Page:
Hi everyone, just few questions about coordinate in unity, i’m working on a project to represent the earth, we were working on a spherical earth and we put objects on it thanks to those lines :

At the last line, we multiply the coordinate of our objects by the radius of our earth to put the object on the surface.

But now, we are moving from spherical earth to ellipsoidale earth, so, i have not one radius but three radius, and i have no idea about how to change the last line to make it works, any ideas?

I’m not sure that’s what i want, i don’t think so, my question is : to place my object in my scene, i multiply my x,y,z coordinate by the radius ( because i have a spherical earth), and now, i have an ellipsoidale one, so, do i have to multiply my x coordinate by the x radius, same for y and z ??

I think you need to you need to use the formula from the “Conversion” section. In there, your latitude is noted as φ and your longitude as λ. h is the height above the ellipsoid’s surface and a and b are the equatorial radii.

For the WGS84 ellipsoid model, the values are:
a = 6,378,137 meters
b = 6,356,752.3142 meters

Thanks you for all this information, the problem is, i have no idea about my h value, moreover, if i have my new X , Y and Z with those equations, in line 30 i replace x by xX, y by yY etc ?

Because the thing is i multiply by radius in my code with spherical earth so im quite lost here …

Thanks for the answer but i already have all the sphere part in my code and it works perfectly in my spherical earth, but to go into ellipsoidale mode i have 3 radius, so what do i have to change? this is my code :

For (almost) all intents and purposes you can just use the very simple version where you supply an equatorial and a polar radius, and just create a non-uniform scale of your sphere:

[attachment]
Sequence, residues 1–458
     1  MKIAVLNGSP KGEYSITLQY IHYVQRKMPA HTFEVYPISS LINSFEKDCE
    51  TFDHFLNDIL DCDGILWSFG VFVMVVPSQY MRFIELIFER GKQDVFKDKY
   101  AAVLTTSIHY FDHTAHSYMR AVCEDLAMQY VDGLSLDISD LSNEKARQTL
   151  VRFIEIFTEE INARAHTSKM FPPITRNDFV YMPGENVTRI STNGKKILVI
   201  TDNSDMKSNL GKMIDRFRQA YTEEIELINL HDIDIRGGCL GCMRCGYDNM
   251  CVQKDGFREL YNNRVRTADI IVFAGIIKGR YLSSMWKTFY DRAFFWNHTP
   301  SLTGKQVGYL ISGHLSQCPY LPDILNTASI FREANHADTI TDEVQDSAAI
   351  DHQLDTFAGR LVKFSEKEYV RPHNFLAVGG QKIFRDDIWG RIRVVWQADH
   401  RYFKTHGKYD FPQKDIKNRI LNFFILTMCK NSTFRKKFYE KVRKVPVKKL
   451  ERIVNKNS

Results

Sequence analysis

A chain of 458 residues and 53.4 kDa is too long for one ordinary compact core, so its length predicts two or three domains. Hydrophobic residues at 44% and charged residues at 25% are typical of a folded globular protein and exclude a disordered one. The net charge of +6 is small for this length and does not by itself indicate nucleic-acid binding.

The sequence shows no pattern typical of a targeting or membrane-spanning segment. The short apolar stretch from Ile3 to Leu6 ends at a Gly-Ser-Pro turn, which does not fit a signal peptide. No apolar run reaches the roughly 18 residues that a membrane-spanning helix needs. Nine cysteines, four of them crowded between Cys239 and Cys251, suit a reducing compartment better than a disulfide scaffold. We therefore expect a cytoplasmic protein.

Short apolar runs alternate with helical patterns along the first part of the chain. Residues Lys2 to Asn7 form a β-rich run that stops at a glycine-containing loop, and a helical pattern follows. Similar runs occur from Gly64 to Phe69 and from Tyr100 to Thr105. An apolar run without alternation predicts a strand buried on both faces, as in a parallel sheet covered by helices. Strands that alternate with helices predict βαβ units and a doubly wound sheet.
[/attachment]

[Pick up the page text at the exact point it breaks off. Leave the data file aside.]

return new Vector3(x*radius_equatorial, y*radius_polar, z*radius_equatorial);

, and you can take both radii from either the WGS84 or any other model.

If you REALLY need precise geolocation, you’d have to implement the full ellipsoid models, as Augustinas has posted above.

An alternative and elegant solution would be to grab the vertice positions of the sphere; you check their position. If it goes up on the Y that’s your longitude for each column on the Y emanating from a North Pole circle to a South Pole circle and for each row on the X moving clockwise accounting for left and right hemispheres, this is your latitude.

making a sphere out of circles within circles in your 3D software can help sort the vert list: or else by generating a sphere by code you can also obtain precision. As if you know the vertex point, in order of both column and row if you asked for that vertex latitudes as say 74.5 then you can place the position at the average in-between the 74 and 75 columns vertex positions somewhere on the edge. Even if the sphere was warped into an ellipse it should still return a precise result using the same input. For example Long 32.5 lat 27.25

I doubted my advice so I had to test it, but after a quick test, I was able to get the latitude values of rows, but the longitude is more difficult when done this way. But if the sphere was created from multiple 180* vertex arch, which themselves were created in sequential order, or that itself was ordered by height at creation, and then rotated around the pole origin to create the sphere. Then you could have long and lat in the object purely by design. Which may allow for warping.

…

after making a segmented casing for my sphere, i referenced the segmented casing of my sphere to get the average of the points. This allow me to move a red square around, while a green square highlights my technical V coordinate (they are inactive but static like the above image), the red square calculates the correct LONG and LAT lerp based on my technical V coordinates and their neighbours. for example LAT 16.25, LONG 11.7044

It is just a carrier of information of the boundary. Each segment is an object unique mesh, with grouped points. I access these points, and use those to lerp the correct coordinate position.